Big Harp George – Wash My Horse In Champagne | Album Review

bigharpgeorgecdBig Harp George – Wash My Horse In Champagne

Blues Mountain Records BMR CD 02

13 songs – 56 minutes

It took an eternity for Big Harp George to emerge from the shadows to put his prodigious talents on the chromatic harmonica on display for the world to see, but it was definitely worth the wait.

His well-received 2014 release, Chromaticism, a nominee for last year’s Blues Blast Awards for best New Artist Debut Album, clearly demonstrated, he’s a player of the first order. With the release of the equally satisfying, all-original Wash My Horse In Champagne, it’s clear that he wasn’t a one-trick pony.

Now in his early 60s and a longtime law professor at the University of California Hastings College of the Law, George Bisharat developed his talent as a hobby, making his recording debut on one cut of the Otis Grand-Joe Louis Walker album, Guitar Brothers, in 2002. Grand called him back into the studio again in 2006 for his Hipster Blues CD, George’s only other release before exploding out of the blocks as a front man.

In a world where anyone who picks up a harmonica thinks he can play the blues, Big Harp George is a rarity, eschewing the diatonic — with its simple 10-hole, 20 reed set-up – for the chromatic, which uses a button to switch between the double set of reeds that exist for both blow and draw notes, something akin to having an entire piano keyboard in your mouth with the ability to play all keys without changing instruments. His playing style – playing in front of a microphone instead of holding it against the instrument – has more of an acoustic than electric feel.

Like his first release, this album was engineered by Kid Andersen at Greaseland Studios. Produced by Chris Burns, who doubles on keyboards, it features Raja Kawar on drums with Andersen sharing guitar duties with Little Charlie Baty and bass lines with Kedar Roy. J Hansen adds percussion while Michael Peloquin (sax) and Mike Rinta (trombone) comprise the horn section and Loralee Christensen and several of the musicians provide backing vocals.

While all of the material here was written by George, it comes across with a warm, familiar feel. “Home Stretch” opens the action as it borrows from the Nat King Cole classic, “Straighten Up And Fly Right,” and promises his lady to quit drinking and other vices on the home stretch of his life. “Road Kill” is a call-and-response rocker about being run over by a lover even though the singer saw the car approaching. Andersen’s guitar work is stellar, and the tune has the feel of a number that could have been produced with his regular unit, Rick Estrin And The Nightcats, with whom Baty and Hansen have featured prominently.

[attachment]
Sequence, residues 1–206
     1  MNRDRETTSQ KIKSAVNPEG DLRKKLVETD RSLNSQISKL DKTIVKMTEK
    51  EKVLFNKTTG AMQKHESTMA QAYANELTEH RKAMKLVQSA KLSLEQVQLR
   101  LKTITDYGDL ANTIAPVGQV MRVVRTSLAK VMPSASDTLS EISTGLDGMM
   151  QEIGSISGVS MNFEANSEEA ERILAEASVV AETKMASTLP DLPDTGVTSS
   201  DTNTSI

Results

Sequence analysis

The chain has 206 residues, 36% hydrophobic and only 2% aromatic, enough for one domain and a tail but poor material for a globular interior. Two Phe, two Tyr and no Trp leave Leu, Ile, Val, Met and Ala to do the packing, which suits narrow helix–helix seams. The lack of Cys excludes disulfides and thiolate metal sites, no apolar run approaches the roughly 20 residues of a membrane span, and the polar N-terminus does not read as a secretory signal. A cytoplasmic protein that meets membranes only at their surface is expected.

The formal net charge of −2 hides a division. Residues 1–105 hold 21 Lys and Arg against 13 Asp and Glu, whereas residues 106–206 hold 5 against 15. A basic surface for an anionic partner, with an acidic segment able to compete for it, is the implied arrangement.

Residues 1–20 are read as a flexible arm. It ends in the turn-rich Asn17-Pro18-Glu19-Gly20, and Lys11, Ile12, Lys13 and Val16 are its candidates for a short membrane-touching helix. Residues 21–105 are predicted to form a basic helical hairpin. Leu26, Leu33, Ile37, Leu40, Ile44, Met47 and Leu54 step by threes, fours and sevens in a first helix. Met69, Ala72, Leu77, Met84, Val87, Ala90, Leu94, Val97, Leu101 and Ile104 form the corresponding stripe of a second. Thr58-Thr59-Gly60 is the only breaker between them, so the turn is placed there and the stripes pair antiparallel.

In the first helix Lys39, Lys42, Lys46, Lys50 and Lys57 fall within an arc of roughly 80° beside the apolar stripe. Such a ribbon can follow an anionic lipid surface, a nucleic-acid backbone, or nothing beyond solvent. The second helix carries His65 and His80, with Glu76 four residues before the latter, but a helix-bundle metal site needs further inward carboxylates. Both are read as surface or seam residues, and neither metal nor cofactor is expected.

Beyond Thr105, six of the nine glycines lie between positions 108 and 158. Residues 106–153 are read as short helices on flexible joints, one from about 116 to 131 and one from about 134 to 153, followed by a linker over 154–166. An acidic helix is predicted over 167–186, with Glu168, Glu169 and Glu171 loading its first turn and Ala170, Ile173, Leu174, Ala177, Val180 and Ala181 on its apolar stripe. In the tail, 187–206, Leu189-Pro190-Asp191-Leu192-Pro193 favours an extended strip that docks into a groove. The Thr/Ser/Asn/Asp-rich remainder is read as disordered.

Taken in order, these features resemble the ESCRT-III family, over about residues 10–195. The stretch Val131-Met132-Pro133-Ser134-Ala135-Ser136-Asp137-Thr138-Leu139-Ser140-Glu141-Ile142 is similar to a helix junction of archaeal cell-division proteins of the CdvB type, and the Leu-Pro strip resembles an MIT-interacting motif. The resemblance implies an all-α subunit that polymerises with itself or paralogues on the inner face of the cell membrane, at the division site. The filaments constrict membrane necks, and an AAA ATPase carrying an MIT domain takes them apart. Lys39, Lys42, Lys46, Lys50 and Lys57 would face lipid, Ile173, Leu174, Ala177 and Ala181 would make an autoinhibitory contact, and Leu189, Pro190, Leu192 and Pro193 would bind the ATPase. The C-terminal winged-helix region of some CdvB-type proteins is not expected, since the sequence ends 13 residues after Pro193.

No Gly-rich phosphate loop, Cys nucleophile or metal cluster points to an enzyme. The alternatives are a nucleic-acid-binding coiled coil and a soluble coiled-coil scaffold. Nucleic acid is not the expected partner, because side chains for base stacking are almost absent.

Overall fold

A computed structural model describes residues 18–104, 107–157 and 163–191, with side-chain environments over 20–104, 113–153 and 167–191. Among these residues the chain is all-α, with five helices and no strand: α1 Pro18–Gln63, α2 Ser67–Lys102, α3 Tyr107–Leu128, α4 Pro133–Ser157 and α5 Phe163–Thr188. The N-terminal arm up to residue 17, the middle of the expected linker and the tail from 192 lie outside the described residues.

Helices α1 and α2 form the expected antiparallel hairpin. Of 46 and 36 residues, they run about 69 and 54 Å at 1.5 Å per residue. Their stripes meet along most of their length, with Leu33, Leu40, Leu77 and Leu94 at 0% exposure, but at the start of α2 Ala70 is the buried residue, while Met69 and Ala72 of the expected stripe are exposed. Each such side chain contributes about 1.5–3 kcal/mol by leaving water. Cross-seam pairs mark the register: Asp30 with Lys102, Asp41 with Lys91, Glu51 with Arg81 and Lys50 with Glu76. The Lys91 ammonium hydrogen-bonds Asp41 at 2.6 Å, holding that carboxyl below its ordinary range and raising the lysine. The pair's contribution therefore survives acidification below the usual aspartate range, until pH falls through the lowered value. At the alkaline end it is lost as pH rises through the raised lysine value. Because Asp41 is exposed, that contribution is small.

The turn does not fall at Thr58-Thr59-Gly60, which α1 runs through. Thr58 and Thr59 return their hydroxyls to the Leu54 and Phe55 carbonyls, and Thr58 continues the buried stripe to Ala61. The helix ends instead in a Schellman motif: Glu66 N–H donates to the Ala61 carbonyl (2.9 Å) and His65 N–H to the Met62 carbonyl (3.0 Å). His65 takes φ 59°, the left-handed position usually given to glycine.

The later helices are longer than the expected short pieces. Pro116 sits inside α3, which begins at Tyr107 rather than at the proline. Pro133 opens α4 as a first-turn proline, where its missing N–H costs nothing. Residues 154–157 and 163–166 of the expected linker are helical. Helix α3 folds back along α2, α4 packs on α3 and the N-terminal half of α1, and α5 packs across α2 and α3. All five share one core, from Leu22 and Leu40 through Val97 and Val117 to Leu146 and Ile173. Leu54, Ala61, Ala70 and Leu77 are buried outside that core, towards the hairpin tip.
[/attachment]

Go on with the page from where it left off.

The cover tune, “Wash My Horse In Champagne,” is a major change of pace, a minor-key, Latin-flavored complaint about being educated well, but have learned nothing. It features a stunning guitar solo from Baty. The upbeat jump blues “Cool Mistake” swings from the get-go as it describes the joy of stumbling on treasures of one sort or the other. The equine references continue with “never look a gift horse in the mouth.” Next up, “My Bright Future” is a slow blues ballad about the realization that the title is really in the singer’s past.

The horns are in play in concert with the harp for the jazzy “I Ain’t The Judge Of You” before the action slows for “I Wasn’t Ready,” a bluesy ballad with a ‘60s feel about not being ready to say goodbye. It’s dedicated to George’s mother. The theme of remorse in other areas of life continues in the New Orleans-flavored rocker “If Only” before the funky “Light From Darkness” sings praise for inner strength against adversity.

The instrumental “Mojo Waltz” features horns and another nice Baty solo. It precedes the blues “What’s Big?” a lesson dedicated to George’s son that stresses “big” doesn’t involve muscles, it’s more about having a heart of gold. Another swinging instrumental, “Size Matters,” follows before “Justice In My Time,” concludes the set.

The world is full of skilled diatonic players, but chromatic players are a rare commodity, and Big Harp George is a master, lilting over the comb of his instrument with an uncompromising ability to produce big, sweet tone as he runs his progressions, seemingly with no effort. And his lyrics are a treasure throughout. Pick this one up. Available through most major marketers, and strongly recommended.


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